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Intermittent Fasting, Part 3

Assessing The IF/IER Plans: The Big Picture

The last two weeks we have discussed briefly the science behind IF/IER. That said, we also want to reiterate that:

  • The available evidence on IF/IER is not definitive.
  • Almost all controlled-calories studies show some benefit
  • A bit of IF or IER might be good, but more isn’t better.
  • The best results come from a variety of changes, along with the support and coaching.

As you can see, before we tell you to stop eating…think. Use what works best for you based on physical, emotional, environmental, relational, existential and mental well-being.

Remember, there is no “best plan”. There are many types of IF and IER protocols.

When selecting one, look at the big picture instead of the details. Focus on the on the underlying ideas and practices that make them work.

Each person is different, what may work for you, may not work for someone else. Match the plan based on your lifestyle.

Now, let’s get to the sample plans!

Plan #1:

Goal: Wait until you’re truly physically hungry, then eat slowly, to “80% full”, or just satisfied.

At first, this can feel weird or frustrating for many people, especially if they’re used to schedules and prescribed amounts of food. But, with practice, most people get used to it, at least a little bit.

Who might this work for?

  • people who are learning the basics of their hunger and fullness cues;
  • people who are exploring learning to deal with occasional hunger or a less regimented eating routine;
  • people who want to learn to eat more intuitively, with fewer “rules”; and/or
  • people who are looking to lose weight/body fat.

Who might this NOT work for?

  • people who cannot, for various reasons (such as a history of disordered eating), identify their hunger and fullness cues at all;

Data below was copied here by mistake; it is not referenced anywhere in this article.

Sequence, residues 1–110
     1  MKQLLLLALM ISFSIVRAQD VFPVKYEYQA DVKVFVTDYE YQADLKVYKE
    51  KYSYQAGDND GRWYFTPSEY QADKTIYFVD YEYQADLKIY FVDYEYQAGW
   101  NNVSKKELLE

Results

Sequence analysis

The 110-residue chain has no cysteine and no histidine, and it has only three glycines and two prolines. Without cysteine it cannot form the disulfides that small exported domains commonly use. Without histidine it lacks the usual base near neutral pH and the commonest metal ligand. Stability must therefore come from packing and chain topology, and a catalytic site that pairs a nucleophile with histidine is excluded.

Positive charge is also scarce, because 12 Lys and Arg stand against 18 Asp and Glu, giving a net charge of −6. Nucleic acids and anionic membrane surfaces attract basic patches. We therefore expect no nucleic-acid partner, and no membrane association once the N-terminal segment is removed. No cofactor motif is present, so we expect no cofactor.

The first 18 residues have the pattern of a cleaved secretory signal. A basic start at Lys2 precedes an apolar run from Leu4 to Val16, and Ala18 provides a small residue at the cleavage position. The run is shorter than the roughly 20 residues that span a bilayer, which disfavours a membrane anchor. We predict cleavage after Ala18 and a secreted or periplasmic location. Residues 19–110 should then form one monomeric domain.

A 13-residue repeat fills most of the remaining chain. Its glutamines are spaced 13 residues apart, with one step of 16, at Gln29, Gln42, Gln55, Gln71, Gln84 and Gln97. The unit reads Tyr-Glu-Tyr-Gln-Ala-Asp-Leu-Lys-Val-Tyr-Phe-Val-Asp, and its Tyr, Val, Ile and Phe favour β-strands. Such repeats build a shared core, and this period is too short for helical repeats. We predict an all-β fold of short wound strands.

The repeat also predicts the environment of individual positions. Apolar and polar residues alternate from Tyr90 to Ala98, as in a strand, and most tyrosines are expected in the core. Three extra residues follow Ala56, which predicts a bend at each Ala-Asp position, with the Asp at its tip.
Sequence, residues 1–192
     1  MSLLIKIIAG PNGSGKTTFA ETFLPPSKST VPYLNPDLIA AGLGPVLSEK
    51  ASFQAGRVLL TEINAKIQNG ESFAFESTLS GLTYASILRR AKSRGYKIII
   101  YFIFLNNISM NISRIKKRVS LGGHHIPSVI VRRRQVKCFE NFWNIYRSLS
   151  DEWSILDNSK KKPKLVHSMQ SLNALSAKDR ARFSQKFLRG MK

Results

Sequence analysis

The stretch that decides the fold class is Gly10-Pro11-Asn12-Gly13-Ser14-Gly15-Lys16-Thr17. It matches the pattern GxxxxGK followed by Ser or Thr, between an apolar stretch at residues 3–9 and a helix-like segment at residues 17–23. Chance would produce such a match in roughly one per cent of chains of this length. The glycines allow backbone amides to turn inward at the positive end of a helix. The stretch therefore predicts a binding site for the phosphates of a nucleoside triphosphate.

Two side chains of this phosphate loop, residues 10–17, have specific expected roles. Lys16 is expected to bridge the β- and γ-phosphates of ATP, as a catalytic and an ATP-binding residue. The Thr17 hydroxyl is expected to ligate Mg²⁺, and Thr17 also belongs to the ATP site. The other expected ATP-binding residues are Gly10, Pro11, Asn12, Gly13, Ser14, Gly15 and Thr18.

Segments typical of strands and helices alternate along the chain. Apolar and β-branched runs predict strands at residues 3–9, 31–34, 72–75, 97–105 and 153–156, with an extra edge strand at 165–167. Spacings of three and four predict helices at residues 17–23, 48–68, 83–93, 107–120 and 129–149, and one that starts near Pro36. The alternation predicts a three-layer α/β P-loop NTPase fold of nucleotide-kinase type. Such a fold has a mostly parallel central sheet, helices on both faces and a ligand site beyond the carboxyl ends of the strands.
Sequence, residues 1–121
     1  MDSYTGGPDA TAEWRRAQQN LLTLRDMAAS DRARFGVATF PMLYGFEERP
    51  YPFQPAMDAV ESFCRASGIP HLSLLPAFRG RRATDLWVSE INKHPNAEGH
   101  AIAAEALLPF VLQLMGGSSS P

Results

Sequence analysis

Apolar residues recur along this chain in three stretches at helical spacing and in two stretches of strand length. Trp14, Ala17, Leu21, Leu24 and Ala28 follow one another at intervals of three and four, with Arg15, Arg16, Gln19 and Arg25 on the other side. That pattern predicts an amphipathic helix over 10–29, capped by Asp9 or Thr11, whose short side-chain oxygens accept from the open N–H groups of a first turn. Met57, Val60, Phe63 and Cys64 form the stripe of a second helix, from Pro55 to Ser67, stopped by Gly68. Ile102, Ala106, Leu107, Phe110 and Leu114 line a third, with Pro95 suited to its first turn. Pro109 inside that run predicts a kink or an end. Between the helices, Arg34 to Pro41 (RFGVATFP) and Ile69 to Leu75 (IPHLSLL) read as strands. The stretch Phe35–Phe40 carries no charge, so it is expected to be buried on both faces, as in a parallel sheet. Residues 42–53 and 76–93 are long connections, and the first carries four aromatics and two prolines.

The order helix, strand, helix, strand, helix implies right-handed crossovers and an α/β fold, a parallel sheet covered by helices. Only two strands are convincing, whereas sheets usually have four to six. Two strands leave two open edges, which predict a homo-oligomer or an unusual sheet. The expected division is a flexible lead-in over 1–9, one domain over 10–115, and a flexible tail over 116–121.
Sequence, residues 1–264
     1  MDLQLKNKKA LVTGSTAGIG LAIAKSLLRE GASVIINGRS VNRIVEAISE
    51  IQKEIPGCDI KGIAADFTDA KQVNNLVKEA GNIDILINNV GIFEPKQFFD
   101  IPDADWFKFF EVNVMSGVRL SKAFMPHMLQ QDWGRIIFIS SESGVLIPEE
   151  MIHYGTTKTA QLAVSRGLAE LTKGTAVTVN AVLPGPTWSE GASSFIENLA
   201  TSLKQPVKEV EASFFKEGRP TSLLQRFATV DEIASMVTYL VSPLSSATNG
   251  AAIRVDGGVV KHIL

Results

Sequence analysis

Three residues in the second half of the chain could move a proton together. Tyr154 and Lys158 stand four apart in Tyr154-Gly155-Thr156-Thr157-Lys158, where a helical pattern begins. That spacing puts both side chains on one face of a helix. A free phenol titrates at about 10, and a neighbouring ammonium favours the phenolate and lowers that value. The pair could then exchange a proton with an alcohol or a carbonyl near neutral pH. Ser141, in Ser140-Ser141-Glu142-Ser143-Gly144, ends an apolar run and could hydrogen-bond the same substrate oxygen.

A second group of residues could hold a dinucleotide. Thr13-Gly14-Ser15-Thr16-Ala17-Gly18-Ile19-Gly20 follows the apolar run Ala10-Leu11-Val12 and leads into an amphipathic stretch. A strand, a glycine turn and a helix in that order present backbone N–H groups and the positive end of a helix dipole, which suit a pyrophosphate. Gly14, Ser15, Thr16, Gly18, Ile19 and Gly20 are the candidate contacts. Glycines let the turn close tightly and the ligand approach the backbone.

• athletes who need a higher energy intake, but might feel less hungry because of intense training;
  • people who need or benefit from a regular meal schedule (e.g, type 1 diabetics); and/or
  • people who want to gain mass (since most people eat less on this protocol).

Plan #2

Goal: Skip a meal. Sometimes, don’t eat a meal you’d normally eat.

For instance, if you’d normally eat dinner, and you’re actually hungry for it…don’t. (Note, however, the emphasis on “sometimes”. This is a once- or twice-a-week kind of option). Notice what happens, and how you feel.

Who might this work for?

  • people who like to keep things relaxed and open-ended;
  • people who are exploring learning to deal with occasional hunger or a less regimented eating routine;
  • people who might have a busy schedule and appreciate the freedom or calm that an occasional “skip a meal, it’s no big deal” might bring;
  • people who want to learn to eat more intuitively, with fewer “rules”; and/or
  • people who are looking to lose weight/body fat (especially while keeping lean mass);
  • people who are active and want to eat normally on days that they’re training or competing;
  • people who are able to eat normally after skipping a meal (i.e., who don’t binge or compulsively overeat later).

Who might this NOT work for?

  • people with a history of disordered eating, for whom this might be a “gateway” back to binge-restrict cycles;
  • anyone who needs a consistently higher energy intake everyday (such as people doing heavy manual labor, or high-level athletes during an intense training period);
  • people who compensate for a missed meal by over-eating later; and/or
  • people who need or benefit from a regular meal schedule (e.g, type 1 diabetics).
Plan #3

Goal: Intermittent energy restriction. Loosely structured days of less eating.

As we’ve seen intermittent energy restriction (IER) involves eating normally some days, and then significantly less energy on other days.

What defines “significantly less energy” can vary. Studies have used many options ranging from around 20% of normal intake to 70%.

What defines “some days” can also vary. Studies may use alternating days of energy restriction, or somewhere between 1-3 days/week. Start small, and find your “sweet spot”.

Who might this work for?

  • people who like to keep things relaxed and open-ended;
  • people who are exploring learning to deal with occasional hunger or a less regimented eating routine;
  • people who might have a busy schedule and appreciate the freedom of less meal prep or time spent eating on some days;